Make us your home page
Instagram

Senate panel examines flood insurance rate increases

A rush to stave off huge flood insurance rate hikes comes to a head at a Senate hearing in Washington, D.C., today.

Testimony is expected to focus on "unintended consequences" of the Biggert-Waters Flood Insurance Reform Act, a 2012 law enacted to keep the National Flood Insurance Program solvent by phasing out lower, subsidized rates for older properties in flood zones.

But with just two weeks before the harsher provisions in Biggert-Waters take effect, time is running out, especially for home­owners like Penny Lee.

Lee bought a house in St. Pete Beach in September 2012. She had never heard of Biggert-Waters. Neither her real estate agent nor mortgage company told her that recent buyers of homes subsidized with lower flood insurance rates would immediately lose their subsidy when they renew their policies after Oct. 1.

She found out what it meant when she talked to her insurance agent a week ago, on her birthday: Her flood insurance premium ballooned from $1,339 to $8,859.

"That was my birthday present," Lee said. "I'm hit just because I happened to buy a house last year. … This is more than my house payment. It just blows your mind."

Her home — like many affected by the spike in flood rates — is modest: a two-bedroom, cinder-block, one-story cottage that's not on the water.

Lee moved from Atlanta to St. Petersburg with visions of retiring here. She made a big down payment, buying a $200,000 home thinking that would keep her monthly mortgage manageable.

The flood insurance crisis blew "manageable" out the window. If her bank pays the higher flood premium next month — and recoups the funds from her over the next 12 months — her monthly house payment would jump from $977 to more than $1,700. That's after she raised her deductible and cut as much of her content coverage as possible to whittle her flood payment down to $7,149.

Lee feels luckier than many. She has some savings, and she knows other homeowners are facing even sharper rate hikes.

Following recent media coverage, several politicians representing Central Florida have taken up the cause. U.S. Reps. Kathy Castor, C.W. "Bill" Young, Gus Bilirakis and Rich Nugent, along with Sen. Bill Nelson, are among those urging at least a delay in implementing some of the rate increases.

Penny Lee stands in front of her modest St. Pete Beach home on Tuesday. Lee bought her home in 2012, the year Congress passed a law that will raise her flood insurance from $1,339 to $8,859.

CHRIS ZUPPA | Times

Penny Lee stands in front of her modest St. Pete Beach home on Tuesday. Lee bought her home in 2012, the year Congress passed a law that will raise her flood insurance from $1,339 to $8,859.

Rate hike deluge

Barring any congressional action, here are parts of the Biggert-Waters Flood Insurance Reform Act going into effect Oct. 1:

• Owners of homes in flood zones that were subsidized with lower rates could face an annual rate increase of 16 to 17 percent, plus a 5 percent fee going toward a new flood insurance reserve fund.

• Anyone who bought a subsidized home after July 6, 2012, loses the subsidy upon the next renewal.

• Owners of businesses with subsidized policies and those property owners with severe repetitive losses will see rates rising 25 percent a year until their premiums reflect true market risk.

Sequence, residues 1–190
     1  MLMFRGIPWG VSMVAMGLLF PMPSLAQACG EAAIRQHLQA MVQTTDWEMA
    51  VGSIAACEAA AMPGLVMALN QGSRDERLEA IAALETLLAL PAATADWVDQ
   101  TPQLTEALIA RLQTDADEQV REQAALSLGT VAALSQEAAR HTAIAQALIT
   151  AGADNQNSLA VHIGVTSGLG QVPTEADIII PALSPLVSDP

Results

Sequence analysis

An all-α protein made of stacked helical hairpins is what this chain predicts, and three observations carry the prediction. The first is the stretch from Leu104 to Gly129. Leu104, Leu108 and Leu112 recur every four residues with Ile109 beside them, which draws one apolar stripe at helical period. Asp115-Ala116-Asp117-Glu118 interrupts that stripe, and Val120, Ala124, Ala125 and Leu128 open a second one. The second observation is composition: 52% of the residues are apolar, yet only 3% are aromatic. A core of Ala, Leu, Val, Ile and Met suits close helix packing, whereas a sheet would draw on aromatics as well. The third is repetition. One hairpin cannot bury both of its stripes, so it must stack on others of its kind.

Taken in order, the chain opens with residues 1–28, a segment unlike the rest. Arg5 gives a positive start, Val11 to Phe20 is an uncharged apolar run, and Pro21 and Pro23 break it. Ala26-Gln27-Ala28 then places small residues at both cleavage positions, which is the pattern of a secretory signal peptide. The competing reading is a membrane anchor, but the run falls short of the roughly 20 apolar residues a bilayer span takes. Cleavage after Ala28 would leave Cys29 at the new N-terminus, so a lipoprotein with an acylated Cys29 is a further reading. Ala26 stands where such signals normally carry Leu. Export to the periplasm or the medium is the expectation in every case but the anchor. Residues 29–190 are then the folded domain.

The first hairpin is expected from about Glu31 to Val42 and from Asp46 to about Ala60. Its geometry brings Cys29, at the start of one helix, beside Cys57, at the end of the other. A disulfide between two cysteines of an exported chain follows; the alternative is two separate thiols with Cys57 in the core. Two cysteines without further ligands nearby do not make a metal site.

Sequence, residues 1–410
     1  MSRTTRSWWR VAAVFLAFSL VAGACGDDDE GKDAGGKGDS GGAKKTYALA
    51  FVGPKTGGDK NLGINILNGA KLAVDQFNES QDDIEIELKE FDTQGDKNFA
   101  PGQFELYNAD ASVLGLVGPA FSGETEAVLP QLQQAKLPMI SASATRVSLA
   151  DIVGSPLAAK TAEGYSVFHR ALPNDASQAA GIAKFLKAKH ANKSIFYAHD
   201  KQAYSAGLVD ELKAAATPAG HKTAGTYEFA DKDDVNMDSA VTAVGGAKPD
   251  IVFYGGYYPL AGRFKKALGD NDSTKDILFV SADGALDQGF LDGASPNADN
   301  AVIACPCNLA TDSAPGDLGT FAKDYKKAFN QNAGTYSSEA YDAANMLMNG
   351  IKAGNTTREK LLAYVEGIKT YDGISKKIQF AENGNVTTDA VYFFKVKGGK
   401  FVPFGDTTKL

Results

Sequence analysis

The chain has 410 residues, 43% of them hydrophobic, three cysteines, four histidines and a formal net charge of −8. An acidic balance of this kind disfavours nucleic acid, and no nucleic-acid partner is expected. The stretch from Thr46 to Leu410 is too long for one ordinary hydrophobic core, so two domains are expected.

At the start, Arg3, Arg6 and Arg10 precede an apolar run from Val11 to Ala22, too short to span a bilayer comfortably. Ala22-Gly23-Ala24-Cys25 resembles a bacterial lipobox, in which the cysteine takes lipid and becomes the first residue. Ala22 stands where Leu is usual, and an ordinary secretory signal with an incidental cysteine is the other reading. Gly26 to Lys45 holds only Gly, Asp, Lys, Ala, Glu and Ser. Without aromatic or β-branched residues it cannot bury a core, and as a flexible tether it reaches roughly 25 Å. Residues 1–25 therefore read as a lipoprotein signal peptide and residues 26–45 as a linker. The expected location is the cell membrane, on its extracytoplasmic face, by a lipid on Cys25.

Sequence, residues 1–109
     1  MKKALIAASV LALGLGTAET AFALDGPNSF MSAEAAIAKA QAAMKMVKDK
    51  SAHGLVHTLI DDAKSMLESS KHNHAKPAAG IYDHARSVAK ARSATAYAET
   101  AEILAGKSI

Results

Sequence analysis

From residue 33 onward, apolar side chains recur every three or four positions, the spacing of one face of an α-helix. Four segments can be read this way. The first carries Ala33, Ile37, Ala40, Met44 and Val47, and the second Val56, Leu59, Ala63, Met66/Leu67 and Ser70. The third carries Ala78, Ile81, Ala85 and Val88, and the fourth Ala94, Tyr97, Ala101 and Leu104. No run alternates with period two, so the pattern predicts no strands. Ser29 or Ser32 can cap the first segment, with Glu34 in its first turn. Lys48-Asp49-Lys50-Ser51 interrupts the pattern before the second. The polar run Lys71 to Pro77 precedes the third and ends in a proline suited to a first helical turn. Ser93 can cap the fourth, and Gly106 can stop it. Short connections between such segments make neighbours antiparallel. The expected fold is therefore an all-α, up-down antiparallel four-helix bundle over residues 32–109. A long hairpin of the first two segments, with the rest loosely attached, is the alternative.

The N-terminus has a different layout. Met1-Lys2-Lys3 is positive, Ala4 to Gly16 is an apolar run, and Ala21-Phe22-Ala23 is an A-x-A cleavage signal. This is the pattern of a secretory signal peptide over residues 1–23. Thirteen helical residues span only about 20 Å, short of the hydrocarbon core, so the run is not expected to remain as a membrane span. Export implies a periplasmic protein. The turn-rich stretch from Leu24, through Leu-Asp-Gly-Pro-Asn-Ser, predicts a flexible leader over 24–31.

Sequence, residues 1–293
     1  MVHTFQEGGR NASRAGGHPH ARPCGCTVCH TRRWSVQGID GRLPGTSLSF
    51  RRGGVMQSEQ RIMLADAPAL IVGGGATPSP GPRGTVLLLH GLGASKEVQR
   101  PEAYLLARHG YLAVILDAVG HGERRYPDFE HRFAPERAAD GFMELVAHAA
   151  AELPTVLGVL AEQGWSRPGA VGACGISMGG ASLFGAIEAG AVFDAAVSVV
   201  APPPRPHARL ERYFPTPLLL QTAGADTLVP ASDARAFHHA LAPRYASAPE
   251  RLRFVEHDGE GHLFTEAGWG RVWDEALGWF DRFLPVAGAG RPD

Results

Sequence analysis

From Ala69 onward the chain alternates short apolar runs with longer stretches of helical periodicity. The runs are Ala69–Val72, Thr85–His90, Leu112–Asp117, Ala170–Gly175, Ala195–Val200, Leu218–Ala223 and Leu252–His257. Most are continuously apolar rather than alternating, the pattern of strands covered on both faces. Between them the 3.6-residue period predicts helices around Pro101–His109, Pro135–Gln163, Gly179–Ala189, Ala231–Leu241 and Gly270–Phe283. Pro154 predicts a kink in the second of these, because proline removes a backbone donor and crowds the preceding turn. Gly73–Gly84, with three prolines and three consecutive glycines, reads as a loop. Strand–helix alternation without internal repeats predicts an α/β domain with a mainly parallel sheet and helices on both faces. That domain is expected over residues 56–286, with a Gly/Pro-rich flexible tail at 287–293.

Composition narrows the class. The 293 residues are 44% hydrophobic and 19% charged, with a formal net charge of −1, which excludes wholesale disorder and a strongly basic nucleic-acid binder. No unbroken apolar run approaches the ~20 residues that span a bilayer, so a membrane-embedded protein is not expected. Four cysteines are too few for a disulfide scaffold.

Senate panel examines flood insurance rate increases 09/17/13 [Last modified: Tuesday, September 17, 2013 10:23pm]
Photo reprints | Article reprints

© 2017 Tampa Bay Times

    

Join the discussion: Click to view comments, add yours

Loading...
  1. 'Road to Nowhere' is back: Next phase of Suncoast Parkway coming

    Roads

    Despite intense public opposition and dubious traffic projections, the Florida Department of Transportation has announced that construction of the toll road known as "Suncoast 2" is expected to start in early 2018.

    The Suncoast Parkway ends at U.S. 98 just south of Citrus County. For years residents have opposed extending the toll road, a project dubbed the "Suncoast 2" into Citrus County. But state officials recently announced that the Suncoast 2 should start construction in early 2018. [Stephen J. Coddington  |  TIMES]
  2. A sports rout on Wall Street

    Retail

    NEW YORK — Sporting goods retailers can't shake their losing streak.

  3. Grocery chain Aldi hosting hiring event in Brandon Aug. 24

    Retail

    BRANDON — German grocery chain Aldi is holding a hiring event for its Brandon store Aug. 24. It is looking to fill store associate, shift manager and manager trainee positions.

  4. Lightning owner Jeff Vinik backs film company pursuing global blockbusters

    Corporate

    TAMPA — Jeff Vinik's latest investment might be coming to a theater near you.

    Jeff Vinik, Tampa Bay Lightning owner, invested in a new movie company looking to appeal to a global audience. | [Times file photo]
  5. Trigaux: Look to new Inc. 5000 rankings for Tampa Bay's future heavyweights

    Business

    There's a whole lotta fast-growing private companies here in Tampa Bay. Odds are good you have not heard of most of them.

    Yet.

    Kyle Taylor, CEO and founder of The Penny Hoarder, fills a glass for his employees this past Wednesday as the young St. Petersburg personal advice business celebrates its landing at No. 25 on the 2017 Inc. 5000 list of the fastest growing private companies in the country. Taylor, still in his 20s, wins kudos from executive editor Alexis Grant for keeping the firm's culture innovative. The business ranked No. 32 last year. [DIRK SHADD   |   Times]